NASHVILLE — Republican legislative leaders are eyeing a plan they hope could eventually boost health care coverage to more of Tennessee's working poor by shifting to a federal block grant system.
But Lt. Gov. Randy McNally, R-Oak Ridge, and top GOP colleagues insist it is in no way an expansion of Tennessee's existing $12.1 billion Medicaid program, TennCare, under the Affordable Care Act created by former President Barack Obama, which state GOP lawmakers have repeatedly rejected.
Rather, McNally and others see it as a potential follow-up if a bill introduced in the General Assembly passes. Sponsored by Sen. Paul Bailey, R-Sparta, and Rep. Timothy Hill, R-Blountville, the legislation directs Gov. Bill Lee to seek federal approval for waiving existing Medicaid rules.
If successful, it would transform Uncle Sam's current TennCare funding, through which state expenditures for the existing Medicaid population are now matched on a two- and sometimes three-to-one basis by the federal government, to a federal block grant system with fewer strings attached.
The Bailey/Hill bill also seeks to have federal block grant funding tied to increases in the TennCare population and inflation. Proponents say fewer strings could lead to cost savings.
If that wins approval, McNally told reporters Thursday, Republicans hope to "address the population that's below 138 percent of the poverty level and address it on a sliding scale." McNally, who is the Senate speaker, cited potential use of a "voucher-type thing, health savings account" for the working poor.
The low-wage workers might be able to use the money to afford their employers' health insurance coverage if the Trump administration agrees, McNally suggested.
"There's a number of different options that we really haven't fleshed out yet," he acknowledged.
It would hinge on the Trump administration's willingness to approve a block grant program for all of TennCare, the purpose of the Bailey and Hill bill, or just the expansion population.
The Republican-dominated Legislature in 2015 rejected then-Gov. Bill Haslam's Insure Tennessee plan to cover an estimated 280,000 to 300,000 low-income working adults under the Affordable Care Act. Repeated efforts by minority Democrats to resurrect the proposal have gone nowhere.
The law, branded as "Obamacare" by national Republicans, initially provided full funding for expansion, with the federal share decreasing to 90 percent in 2020. Democratic critics have blasted Republicans, saying the state has lost out on billions of federal dollars while rural hospitals have closed.
Thirty-four states, including a number of Republican-governed states, and the District of Columbia have since adopted Medicaid expansion under the Affordable Care Act.
Tennessee Senate Majority Leader Jack Johnson, R-Franklin, said of Republicans' current strategy that he believes "the first part of the conversation is to say what can we do to make our existing Medicaid program more efficient and better in terms of delivering quality care for those people who are eligible."
Subsequently, he explained, "we can have conversations about how do we help these working poor — as they're often referred to. [R]ather than putting more people on a government-run health care program, we'd much rather see them get quality coverage through their employer in the private market."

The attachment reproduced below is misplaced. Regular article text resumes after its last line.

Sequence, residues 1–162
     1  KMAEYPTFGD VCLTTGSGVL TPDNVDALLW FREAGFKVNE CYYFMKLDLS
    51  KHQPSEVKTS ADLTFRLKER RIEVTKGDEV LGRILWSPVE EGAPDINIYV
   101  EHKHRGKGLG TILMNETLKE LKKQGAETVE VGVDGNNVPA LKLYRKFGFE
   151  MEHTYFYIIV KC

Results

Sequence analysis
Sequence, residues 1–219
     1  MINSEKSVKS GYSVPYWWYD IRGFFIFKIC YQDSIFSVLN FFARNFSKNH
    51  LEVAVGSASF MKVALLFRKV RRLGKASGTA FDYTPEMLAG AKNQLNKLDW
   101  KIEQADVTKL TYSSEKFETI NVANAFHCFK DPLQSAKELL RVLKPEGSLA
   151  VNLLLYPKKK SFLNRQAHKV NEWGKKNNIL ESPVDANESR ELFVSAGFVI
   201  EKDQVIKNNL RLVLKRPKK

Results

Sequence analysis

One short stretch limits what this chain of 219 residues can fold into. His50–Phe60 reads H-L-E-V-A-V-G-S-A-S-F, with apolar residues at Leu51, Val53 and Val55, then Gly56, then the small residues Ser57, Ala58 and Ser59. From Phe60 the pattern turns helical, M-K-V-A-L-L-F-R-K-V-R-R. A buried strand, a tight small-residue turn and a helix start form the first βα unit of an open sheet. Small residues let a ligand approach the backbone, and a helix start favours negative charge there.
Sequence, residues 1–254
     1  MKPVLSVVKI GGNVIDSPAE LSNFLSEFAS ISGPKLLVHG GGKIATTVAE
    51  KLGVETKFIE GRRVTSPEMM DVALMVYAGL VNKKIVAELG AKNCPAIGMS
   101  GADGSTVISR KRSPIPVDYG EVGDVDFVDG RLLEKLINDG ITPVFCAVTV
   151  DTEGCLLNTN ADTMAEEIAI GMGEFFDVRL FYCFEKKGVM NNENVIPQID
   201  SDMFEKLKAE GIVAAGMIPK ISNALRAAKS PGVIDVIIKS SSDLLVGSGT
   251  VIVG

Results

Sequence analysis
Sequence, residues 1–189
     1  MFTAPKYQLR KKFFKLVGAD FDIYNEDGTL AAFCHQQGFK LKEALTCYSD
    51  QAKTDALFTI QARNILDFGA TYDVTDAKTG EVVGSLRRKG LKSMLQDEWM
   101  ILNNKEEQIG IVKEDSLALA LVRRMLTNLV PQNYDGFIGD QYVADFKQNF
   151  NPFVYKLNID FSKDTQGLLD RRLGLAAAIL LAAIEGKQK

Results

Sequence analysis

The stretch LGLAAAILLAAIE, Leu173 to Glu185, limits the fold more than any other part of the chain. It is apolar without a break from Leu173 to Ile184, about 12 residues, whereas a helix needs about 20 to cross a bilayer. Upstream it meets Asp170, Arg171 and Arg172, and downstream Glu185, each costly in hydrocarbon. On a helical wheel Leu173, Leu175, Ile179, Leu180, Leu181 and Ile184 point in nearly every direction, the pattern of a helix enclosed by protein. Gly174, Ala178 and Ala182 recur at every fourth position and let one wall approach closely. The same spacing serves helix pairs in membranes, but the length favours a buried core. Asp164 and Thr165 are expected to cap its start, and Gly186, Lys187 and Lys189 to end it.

Senate Minority Leader Jeff Yarbro, D-Nashville, called "expanding access to affordable health care a pivotal, necessary conversation for the state that we're way behind having."
But Yarbro said the proposal as filed by Bailey doesn't "expand coverage for a single person or make health care more affordable for a single soul. The bill as drafted would diminish coverage rather than expand it."
The bill in its present state "does nothing to cover working families, protect rural hospitals or support people with pre-existing medical conditions," said Tennessee Justice Center Executive Director Michele Johnson of the Bailey/Hill bill. "But we take hope from the comments of legislators who say they want to do those things, and we hope they will amend it."
But she said if what the sponsors mean by a "block grant" means the state "will get a blank check and no accountability for how it spends billions of federal taxpayer dollars, that is illegal under federal law and a dead end."
During his campaign last year, now-Gov. Lee opposed expanding Medicaid under the ACA, saying "expanding Medicaid is not the solution." He pledged to address rising costs.
Speaking Thursday with reporters after an address to the Tennessee Press Association, Lee said "my position on Medicaid expansion hasn't changed. We absolutely want to find solutions. And it's really important we do that."
Regarding the idea of block grants, the governor noted, "the legislature is looking at that. I will look at whatever they propose, certainly want to work with the federal government in any way we can, primarily to lower costs with our existing system and then to see where we go from there."
He also added: "As I've said before, Medicaid expansion isn't the way to go, but lowering the cost of health care so more people can afford it is the way to go."
Contact Andy Sher at firstname.lastname@example.org or 615-255-0550. Follow him on Twitter @AndySher1.
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